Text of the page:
Under the thematic area of access to justice, a day-long conference titled ‘Sustainability of Community Legal Services’ was held on 4 February 2017 at the Pan Pacific Sonargaon Dhaka. The conference was designed to highlight the government, community and NGO partnerships. It was jointly organised by WAVE Foundation, Madaripur Legal Aid Association (MLAA) and Nagorik Uddyog, and was supported by Community Legal Services (CLS) Programme, funded by UKaid.
Jerome Sayre, Team Leader of the CLS Programme chaired the conference, while Mohsin Ali, Executive Director of WAVE Foundation presented the keynote speech. Additional Secretary of the Ministry of Law, Justice and Parliamentary Affairs and Director (In charge) of National Legal Aid Services Organization (NLASO), Md. Mostafizur Rahman; Chief Coordinator of MLAA, Khan Mohammad Shahid; Chief Executive of Nagorik Uddyog, Zakir Hossain; and Senior Governance Advisor of DFID Bangladesh, Joel Harding; spoke at the conference.
During the conference the speakers urged the government and donor organisations to put more emphasis on the mediation process and sought its legal recognition so that the people maintain faith in the system. Speakers further stressed that community based mediation can increase rural people’s access to justice as it can solve local disputes in a faster and cheaper way than the court.
The participants stressed how community mediation could become the best method for settling minor disputes for disadvantaged and would ensure access to justice for all parties. The participants also spoke about how the mediation process will likely address the limitations of the conventional arbitration system and ensure that all parties were provided equal opportunities to present their grievances and receive fair solutions.
Enayetur Rahim, Hon’ble Justice of the High Court Division, Supreme Court of Bangladesh, in his address as Chief Guest, said, “The people do not want to rely on the court for its delay in justice delivery, and a huge backlog of cases. Instead,
they prefer mediation to solve their problems instead of visiting the court, which saves both their time and money.” He also underscored establishing a social arbitration system, which could ease the burden on the judiciary system and stop people from going to court with simple disputes. Mr. Rahim further pointed out, “NGOs can work with the government to motivate people to use this system. NGO paralegal teams can assist the poor and marginalised justice seekers.”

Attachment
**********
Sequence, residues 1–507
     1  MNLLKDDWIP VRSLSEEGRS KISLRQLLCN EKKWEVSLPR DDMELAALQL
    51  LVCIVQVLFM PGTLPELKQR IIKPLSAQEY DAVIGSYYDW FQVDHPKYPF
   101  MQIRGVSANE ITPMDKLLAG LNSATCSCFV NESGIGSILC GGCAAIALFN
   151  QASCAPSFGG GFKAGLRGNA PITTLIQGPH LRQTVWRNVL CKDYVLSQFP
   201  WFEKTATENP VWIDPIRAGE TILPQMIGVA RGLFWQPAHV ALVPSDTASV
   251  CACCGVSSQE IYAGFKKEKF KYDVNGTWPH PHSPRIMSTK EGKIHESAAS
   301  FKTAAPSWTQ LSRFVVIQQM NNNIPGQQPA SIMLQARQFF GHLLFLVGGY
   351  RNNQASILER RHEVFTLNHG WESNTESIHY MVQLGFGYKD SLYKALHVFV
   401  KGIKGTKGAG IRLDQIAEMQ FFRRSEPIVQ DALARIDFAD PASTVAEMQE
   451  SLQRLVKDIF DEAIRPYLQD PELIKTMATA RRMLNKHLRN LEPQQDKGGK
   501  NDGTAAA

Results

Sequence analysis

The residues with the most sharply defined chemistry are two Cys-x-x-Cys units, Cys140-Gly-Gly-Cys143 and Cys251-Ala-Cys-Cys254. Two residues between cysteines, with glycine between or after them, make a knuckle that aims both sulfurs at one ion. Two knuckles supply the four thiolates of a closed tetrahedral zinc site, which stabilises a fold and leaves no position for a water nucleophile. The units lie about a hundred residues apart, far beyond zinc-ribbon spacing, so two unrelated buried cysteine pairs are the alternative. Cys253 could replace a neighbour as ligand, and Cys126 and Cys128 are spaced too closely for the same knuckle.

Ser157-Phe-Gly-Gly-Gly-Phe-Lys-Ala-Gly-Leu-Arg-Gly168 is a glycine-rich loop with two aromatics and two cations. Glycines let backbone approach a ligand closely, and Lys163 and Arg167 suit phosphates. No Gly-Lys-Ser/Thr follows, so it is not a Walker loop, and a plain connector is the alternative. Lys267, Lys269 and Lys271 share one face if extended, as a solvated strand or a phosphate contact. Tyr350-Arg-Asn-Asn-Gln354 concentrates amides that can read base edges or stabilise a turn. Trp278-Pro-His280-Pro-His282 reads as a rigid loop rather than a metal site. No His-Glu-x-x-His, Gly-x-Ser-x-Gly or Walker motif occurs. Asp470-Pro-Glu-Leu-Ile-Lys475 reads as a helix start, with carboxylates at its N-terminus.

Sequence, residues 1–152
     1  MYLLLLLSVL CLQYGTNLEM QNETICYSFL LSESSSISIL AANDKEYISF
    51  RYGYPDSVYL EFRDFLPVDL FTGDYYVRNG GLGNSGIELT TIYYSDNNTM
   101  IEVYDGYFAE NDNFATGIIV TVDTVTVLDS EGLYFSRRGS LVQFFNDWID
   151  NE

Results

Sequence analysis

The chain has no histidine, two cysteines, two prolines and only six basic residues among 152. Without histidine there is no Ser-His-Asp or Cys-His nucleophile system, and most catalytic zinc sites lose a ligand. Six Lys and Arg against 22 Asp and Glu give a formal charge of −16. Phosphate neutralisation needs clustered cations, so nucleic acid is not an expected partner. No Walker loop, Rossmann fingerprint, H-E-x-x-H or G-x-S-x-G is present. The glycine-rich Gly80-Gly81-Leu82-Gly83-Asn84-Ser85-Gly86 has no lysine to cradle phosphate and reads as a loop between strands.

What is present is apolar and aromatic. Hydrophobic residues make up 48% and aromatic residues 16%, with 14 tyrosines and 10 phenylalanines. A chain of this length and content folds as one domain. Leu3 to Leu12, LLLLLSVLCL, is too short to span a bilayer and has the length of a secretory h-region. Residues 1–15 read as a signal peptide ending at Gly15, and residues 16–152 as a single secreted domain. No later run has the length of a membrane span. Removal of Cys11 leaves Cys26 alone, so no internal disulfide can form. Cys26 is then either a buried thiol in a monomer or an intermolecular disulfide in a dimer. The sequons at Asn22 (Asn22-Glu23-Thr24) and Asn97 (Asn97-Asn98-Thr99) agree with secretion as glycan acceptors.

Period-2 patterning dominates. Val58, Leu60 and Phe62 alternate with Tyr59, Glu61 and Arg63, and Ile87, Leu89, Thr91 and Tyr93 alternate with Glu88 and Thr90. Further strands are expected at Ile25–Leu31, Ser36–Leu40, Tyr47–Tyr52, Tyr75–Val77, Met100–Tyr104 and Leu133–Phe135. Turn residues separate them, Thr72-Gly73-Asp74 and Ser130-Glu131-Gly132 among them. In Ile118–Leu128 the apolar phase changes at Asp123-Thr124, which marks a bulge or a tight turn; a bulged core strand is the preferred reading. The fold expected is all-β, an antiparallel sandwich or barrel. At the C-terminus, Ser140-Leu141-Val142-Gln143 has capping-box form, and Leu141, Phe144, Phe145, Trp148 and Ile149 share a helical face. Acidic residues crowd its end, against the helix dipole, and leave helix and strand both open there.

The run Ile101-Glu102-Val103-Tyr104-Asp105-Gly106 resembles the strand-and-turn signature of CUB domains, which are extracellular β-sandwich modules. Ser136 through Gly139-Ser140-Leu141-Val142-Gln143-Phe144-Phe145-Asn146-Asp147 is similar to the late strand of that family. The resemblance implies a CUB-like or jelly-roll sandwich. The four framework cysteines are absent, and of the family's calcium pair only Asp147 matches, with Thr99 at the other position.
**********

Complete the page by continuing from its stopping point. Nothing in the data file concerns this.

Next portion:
Md. Mostafizur Rahman, Additional Secretary of the Ministry of Law, Justice and Parliamentary Affairs and Director (In charge) of National Legal Aid Services Organization (NLASO), said, “Around 80 percent of local disputes are solved locally through mediation and the rest are brought to the court. If we cannot solve the disputes this way, the backlog of pending cases will increase manifold.” He also mentioned, “Although there is a lack of transparency about ‘traditional arbitration’ in some cases, it can however be solved by following community based mediation
process, where different representatives of the community will be involved. The Non-Government Organisations (NGOs) are playing an important role in making the mediation fairer, and reaching the grassroots.”
Quoting a recent UNDP study, Mohsin Ali, Executive Director of WAVE Foundation, said in his keynote presentation, “Around 3.1 million cases remained pending with the courts for disposal until December 2016, and the number is expected to hit around 5 millions in 2020. The government needs to provide more emphasis on community based mediation to solve the local disputes, which will help decrease the case backlogs.” The conference ended with a vote of thanks from Mr. Ali, Executive Director of WAVE Foundation.